Health experts and community residents have dubbed a West Auckland stretch of road ‘Heart Attack Alley’.
West Auckland’s Lincoln Road is not only home to more than 34 fast food restaurants, it’s also within walking distance of seven local schools.
Without doubt, this is a food environment that needs to change and Minister of Health, Dr David Clark, clearly agrees. last week he told TVNZ1’s Q+A that he is keen for more regulation of fast food advertising and has been talking to the Food Industry Task Force about what changes can be made.
So back to Lincoln Road: within 800m of the schools there’s a McDonalds, Pizza Hut, KFC, Texas Chicken – Burger King even has an enclosed basketball hoop to further tempt students.
Henderson Intermediate deputy principal Debbie Wylde has said it’s hard to compete with the fast-food options when trying to encourage students to make the healthier choice with their money:
“Parents will give their children lunch money for the week. We have a school canteen which has many healthy lunch options. However, many students are drawn in by the fast food advertising and spend their money outside school gates – purchasing fast food before and after school. I regularly stop students bringing in large fizzy drinks onto school grounds as we’re a water-only school. It’s a frustrating reality for our community.”
A new study by the University of Auckland, in partnership with Healthy Families Waitākere and published in the scientific journal PLOS ONE, has revealed what the community sees as barriers to children receiving the recommended 5 + A Day fruit and vegetable intake. West Auckland community residents took part in a workshop series for the study and the key barriers identified were:
– The high density of fast food outlets;
– The high volume of fast food advertising and promotion;
– The high cost of fresh produce in comparison to fast food;
– Parents having little time for food preparation;
– Declining cooking skills and knowledge among parents and caregivers.
Participants said there were two barriers they felt were outside of their control: the toll of low-income work on health, and the density of fast food outlets with pervasive advertising and signage in their neighbourhoods.
One study participant remarked, “How do you change what is sold right outside the school? I have a lot of respect for the shop owners – we all grew up knowing them – but what they’re selling is not good for our kids.”
Some parents work multiple low-wage jobs with inflexible hours which leaves them with little time to cook meals. Consequently, parents have little to no time to cook nutritious meals and share this experience as a family, which compromises important life skills from being passed throughout their next generation. This inevitably leads to poor health outcomes and increased rates of preventable chronic disease.
Participants also said families with low household budgets are more likely to prioritise satiety – feeling full – over nutrition.
School principals told us that students were walking in the front gates with breakfasts of $5 fried chicken and chip combos, purchased from fast-food outlets just outside school. A meal like this provides satiety, but leaves their young brains ill-fuelled for a day in the classroom.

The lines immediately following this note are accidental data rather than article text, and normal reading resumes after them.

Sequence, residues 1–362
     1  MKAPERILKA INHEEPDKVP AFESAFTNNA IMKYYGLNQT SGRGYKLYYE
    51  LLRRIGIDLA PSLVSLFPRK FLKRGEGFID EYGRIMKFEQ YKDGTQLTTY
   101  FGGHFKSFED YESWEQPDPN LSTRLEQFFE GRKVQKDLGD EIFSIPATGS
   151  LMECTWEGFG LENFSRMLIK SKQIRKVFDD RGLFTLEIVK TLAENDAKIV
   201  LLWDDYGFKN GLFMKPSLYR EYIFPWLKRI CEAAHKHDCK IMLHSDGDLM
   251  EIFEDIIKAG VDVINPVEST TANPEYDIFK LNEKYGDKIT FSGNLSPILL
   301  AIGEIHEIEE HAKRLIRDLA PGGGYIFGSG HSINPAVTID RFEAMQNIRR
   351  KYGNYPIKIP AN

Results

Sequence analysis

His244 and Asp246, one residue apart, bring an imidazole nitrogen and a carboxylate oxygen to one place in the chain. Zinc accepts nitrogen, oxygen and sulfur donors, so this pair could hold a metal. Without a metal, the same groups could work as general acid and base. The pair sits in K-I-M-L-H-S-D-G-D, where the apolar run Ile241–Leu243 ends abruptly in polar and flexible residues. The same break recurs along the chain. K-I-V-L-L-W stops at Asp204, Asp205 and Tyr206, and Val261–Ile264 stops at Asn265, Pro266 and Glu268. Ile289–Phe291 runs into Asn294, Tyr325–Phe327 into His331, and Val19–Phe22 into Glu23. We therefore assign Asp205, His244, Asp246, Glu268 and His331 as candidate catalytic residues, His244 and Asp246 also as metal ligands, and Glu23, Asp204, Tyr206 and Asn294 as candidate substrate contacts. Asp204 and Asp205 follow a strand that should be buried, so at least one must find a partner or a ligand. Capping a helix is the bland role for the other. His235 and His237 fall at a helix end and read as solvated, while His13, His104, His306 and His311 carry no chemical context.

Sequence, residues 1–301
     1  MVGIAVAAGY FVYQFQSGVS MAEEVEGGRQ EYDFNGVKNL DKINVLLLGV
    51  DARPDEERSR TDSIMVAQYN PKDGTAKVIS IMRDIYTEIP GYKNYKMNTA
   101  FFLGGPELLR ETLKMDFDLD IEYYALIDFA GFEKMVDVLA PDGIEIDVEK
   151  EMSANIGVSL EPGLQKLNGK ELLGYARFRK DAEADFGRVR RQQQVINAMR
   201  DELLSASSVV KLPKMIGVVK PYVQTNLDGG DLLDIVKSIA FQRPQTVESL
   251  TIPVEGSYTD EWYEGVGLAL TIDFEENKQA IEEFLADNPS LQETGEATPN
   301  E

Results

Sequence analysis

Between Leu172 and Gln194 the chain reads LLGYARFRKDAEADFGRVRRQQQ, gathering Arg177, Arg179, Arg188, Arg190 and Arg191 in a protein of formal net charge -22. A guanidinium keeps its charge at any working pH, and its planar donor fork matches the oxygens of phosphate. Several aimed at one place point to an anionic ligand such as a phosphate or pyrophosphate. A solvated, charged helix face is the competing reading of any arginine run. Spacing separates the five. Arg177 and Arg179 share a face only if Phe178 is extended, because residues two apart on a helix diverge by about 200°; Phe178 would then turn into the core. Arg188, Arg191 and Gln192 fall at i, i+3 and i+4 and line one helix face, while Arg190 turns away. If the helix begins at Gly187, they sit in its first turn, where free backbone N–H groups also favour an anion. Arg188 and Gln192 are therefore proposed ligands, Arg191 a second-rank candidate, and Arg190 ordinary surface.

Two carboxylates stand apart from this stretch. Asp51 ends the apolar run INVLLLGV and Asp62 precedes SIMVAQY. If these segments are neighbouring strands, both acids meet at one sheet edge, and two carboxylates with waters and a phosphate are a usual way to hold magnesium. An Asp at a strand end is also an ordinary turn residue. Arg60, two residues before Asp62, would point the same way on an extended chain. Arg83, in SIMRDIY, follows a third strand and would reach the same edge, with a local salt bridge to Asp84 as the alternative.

The number of children eating enough fruit and vegetables is in steady decline across Aotearoa. For the past three years, the New Zealand Health Survey has found half of children aged 2–14 years (50 percent) do not eat enough vegetables (two serves a day for pre-schoolers, three serves for 5-14 year-olds). Fruit and vegetable intake is lower in the Auckland region, where only 42 percent of children meet the recommended ‘5+ A Day’, and even lower among non-European children and children living in areas of high deprivation.
Earlier research conducted in New Zealand found that, on average, eating a healthy diet is more expensive than an unhealthy diet, particularly when takeaways are included. And while it is possible to eat a healthy diet for the same price, this requires more time and cooking skills.
The rise of Uber Eats has increased the availability of fast food. One participant said, “My teenage son gets Uber Eats delivered to his bedroom window – how can I compete with that?” Another said: “When I open the [Uber] app in this neighbourhood there are 117 places that can deliver me food in 20 minutes and none of them are a healthy choice.”
We are backing the call by participants of the study for government regulation of the fast food sector to address advertising standards and outlet density. Communities cannot tackle these systemic issues on their own – they can’t limit advertising and shop signage, or prevent more fast food outlets from opening in their neighbourhoods.
The community also told us they would like to see the Fruit in Schools programme expanded to more schools (the programme is currently only available to decile one and two primary and intermediate schools) and to high schools, where students are even more susceptible to the junk food outside the school gate.
Schools could be supported by a standardised healthy food policy, which could be tailored to suit their needs and strengths. Advertising of fast food needs stronger regulation, and the concentration of fast food and convenience stores, particularly around schools, must be addressed. Through ongoing workshops, residents have outlined a number of ideas to strengthen the local food system at a community level.
Study participants included high school students, people who worked in health promotion, local food retailers, kaumātua and parents. The study was part of a larger Health Research Council-funded project to explore barriers and enablers to improve children’s fruit and vegetable intake.